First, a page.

Since we’re already on the topic of all the different kinds of trauma that can result in PTSD, I was thinking… let’s talk about families.
As we were discussing in the last post – a “traumatic event” is any situation where you’re exposed to actual or threatened harm.
As we discussed, “actual or threatened” means that even if it doesn’t end up happening, being genuinely scared that it would happen can still impact you.
It doesn’t have to happen to you; it can be something that happens to someone else, while you’re helpless to stop it.
Even if you aren’t there when it happened, learning the gory details of what happened to someone else can mess with you.
So – let’s take a minute to put this together:
Say you’re deployed. Your family stays behind. They spend months on end being bombarded with media reports about the horrible events happening in the place where you went.
You face dangers every day; they’re too far away to be able to do anything other than feel helpless and hope that you come home in one piece.
…what’s happening to your family here – that’s trauma. It’s not the sexy kind of trauma that makes for a great story, but it’s still trauma.
Now, that does NOT mean that your family will automatically get PTSD just because you were deployed – but, it’s trauma, so it certainly might impact them.
Your family might feel pressured to outwardly say nothing other than how proud they are of your service. They might face a barrage of well-meaning friends and strangers offering all sorts of comments – everything from, “You must be so proud!”, to, “That’s crazy! Don’t you watch the news? They get blown up all the time over there!” (This was actually said to the spouse of someone I know…)
To you, deployment is part of your job; to them, it’s hard not to take personally. Privately, your loved ones might feel rejected and abandoned. They might feel angry and resentful that you would leave them behind, to go to some far-away place and risk getting hurt or killed, and leave them worried about your safety for months on end. They might also feel guilt if you made it home safe and other families weren’t so lucky.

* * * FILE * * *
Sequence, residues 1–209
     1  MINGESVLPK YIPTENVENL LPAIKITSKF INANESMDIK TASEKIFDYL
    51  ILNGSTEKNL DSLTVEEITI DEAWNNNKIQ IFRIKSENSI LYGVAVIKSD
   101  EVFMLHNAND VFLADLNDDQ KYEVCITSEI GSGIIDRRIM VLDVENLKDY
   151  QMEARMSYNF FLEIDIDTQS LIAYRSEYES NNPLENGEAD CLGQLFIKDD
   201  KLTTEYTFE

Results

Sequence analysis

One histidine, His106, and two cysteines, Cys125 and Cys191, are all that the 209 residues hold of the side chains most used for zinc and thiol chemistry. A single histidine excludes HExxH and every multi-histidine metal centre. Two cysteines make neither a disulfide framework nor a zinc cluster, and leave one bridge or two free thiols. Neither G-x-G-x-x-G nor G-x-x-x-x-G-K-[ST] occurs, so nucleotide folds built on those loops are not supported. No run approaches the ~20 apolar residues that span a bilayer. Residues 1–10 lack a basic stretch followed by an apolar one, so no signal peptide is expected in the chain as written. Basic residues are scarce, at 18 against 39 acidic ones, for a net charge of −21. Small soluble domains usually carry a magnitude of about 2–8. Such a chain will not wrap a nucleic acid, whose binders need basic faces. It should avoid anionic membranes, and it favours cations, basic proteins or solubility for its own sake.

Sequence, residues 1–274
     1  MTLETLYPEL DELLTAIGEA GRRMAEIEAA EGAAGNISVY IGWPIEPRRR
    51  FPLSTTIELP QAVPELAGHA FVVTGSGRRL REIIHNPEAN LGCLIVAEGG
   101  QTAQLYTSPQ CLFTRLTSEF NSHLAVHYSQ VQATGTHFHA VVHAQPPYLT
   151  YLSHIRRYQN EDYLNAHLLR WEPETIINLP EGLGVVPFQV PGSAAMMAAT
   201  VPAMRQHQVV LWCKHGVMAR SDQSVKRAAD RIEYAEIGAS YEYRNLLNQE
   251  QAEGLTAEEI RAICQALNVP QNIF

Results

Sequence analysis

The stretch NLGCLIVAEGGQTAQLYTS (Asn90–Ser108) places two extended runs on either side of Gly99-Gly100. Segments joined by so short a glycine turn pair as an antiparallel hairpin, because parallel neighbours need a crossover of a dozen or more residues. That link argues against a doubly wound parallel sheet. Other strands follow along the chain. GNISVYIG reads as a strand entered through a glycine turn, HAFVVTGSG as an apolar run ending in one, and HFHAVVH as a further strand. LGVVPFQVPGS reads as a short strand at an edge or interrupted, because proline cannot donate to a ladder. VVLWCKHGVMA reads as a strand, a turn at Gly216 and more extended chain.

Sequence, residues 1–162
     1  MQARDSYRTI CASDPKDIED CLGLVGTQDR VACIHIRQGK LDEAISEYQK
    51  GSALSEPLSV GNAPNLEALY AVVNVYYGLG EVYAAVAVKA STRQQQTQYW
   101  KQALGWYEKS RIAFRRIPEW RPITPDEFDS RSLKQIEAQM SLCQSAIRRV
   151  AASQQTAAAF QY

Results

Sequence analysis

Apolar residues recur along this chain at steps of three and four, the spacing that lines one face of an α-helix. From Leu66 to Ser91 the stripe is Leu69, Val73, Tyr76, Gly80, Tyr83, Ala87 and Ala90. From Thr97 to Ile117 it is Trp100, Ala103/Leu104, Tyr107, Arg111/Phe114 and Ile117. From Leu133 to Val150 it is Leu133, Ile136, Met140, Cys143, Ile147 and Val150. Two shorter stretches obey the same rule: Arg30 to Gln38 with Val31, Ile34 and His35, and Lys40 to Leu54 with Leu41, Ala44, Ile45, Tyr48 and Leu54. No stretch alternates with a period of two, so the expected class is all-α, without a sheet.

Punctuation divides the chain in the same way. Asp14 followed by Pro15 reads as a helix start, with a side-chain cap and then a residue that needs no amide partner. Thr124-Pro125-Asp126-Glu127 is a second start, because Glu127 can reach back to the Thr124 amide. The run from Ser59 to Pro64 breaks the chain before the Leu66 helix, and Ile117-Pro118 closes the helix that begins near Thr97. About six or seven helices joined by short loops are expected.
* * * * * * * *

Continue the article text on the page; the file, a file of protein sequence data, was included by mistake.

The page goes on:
So – on top of the emotions that you might bring home – your family members may have some concerns of their own to throw into the mix.
All that can make for a challenging adjustment to family life.
So – how do you get through it?
You try to be understanding of each other. You went through a lot; so did they. It’s not a competition. You’re a team; adjusting to life after deployment is teamwork. Communication is important; try to talk about your feelings. Try to listen to family members talking about their feelings, without getting angry or defensive.
Most importantly, recognize when you need help adjusting, and reach out for it – whether you need individual therapy, family or couples therapy, or a bit of each.
I’d love to have you share your thoughts, comments, and questions. If you do post a comment, please don’t give specific details of your trauma – these may be triggering to another reader. If you’d like to offer criticism, I’ll take it – I know I’m not perfect, and I’m always willing to learn. If you do offer criticism though, I’d really appreciate it if you could do so constructively (i.e., no name-calling, please). Thanks…
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~ Dr. Dee Rajska, C. Psych.
*Fine print: Please feel free to share the link to this blog wherever you think it might be helpful! Reading this blog is a good start, but it’s no substitute for professional help. It takes a different kind of courage to admit to yourself that you’re struggling. PTSD is not a sign of failure – it’s a sign that you’ve been through a lot, and have tried to stay strong for too long. If you need help – you’re in some pretty great company. Reach out, and give yourself a chance to feel better.
**Really fine print: The content of Coming Back Home is copyrighted; please feel free to share the link, but do not copy and paste content. Unless otherwise noted, all original photography on Coming Back Home is copyrighted. The photo gracing today’s post was taken by Wojtek Rajski, and I’d like to thank him for generously allowing me to use his work. Please do not copy photographs from Coming Back Home without permission.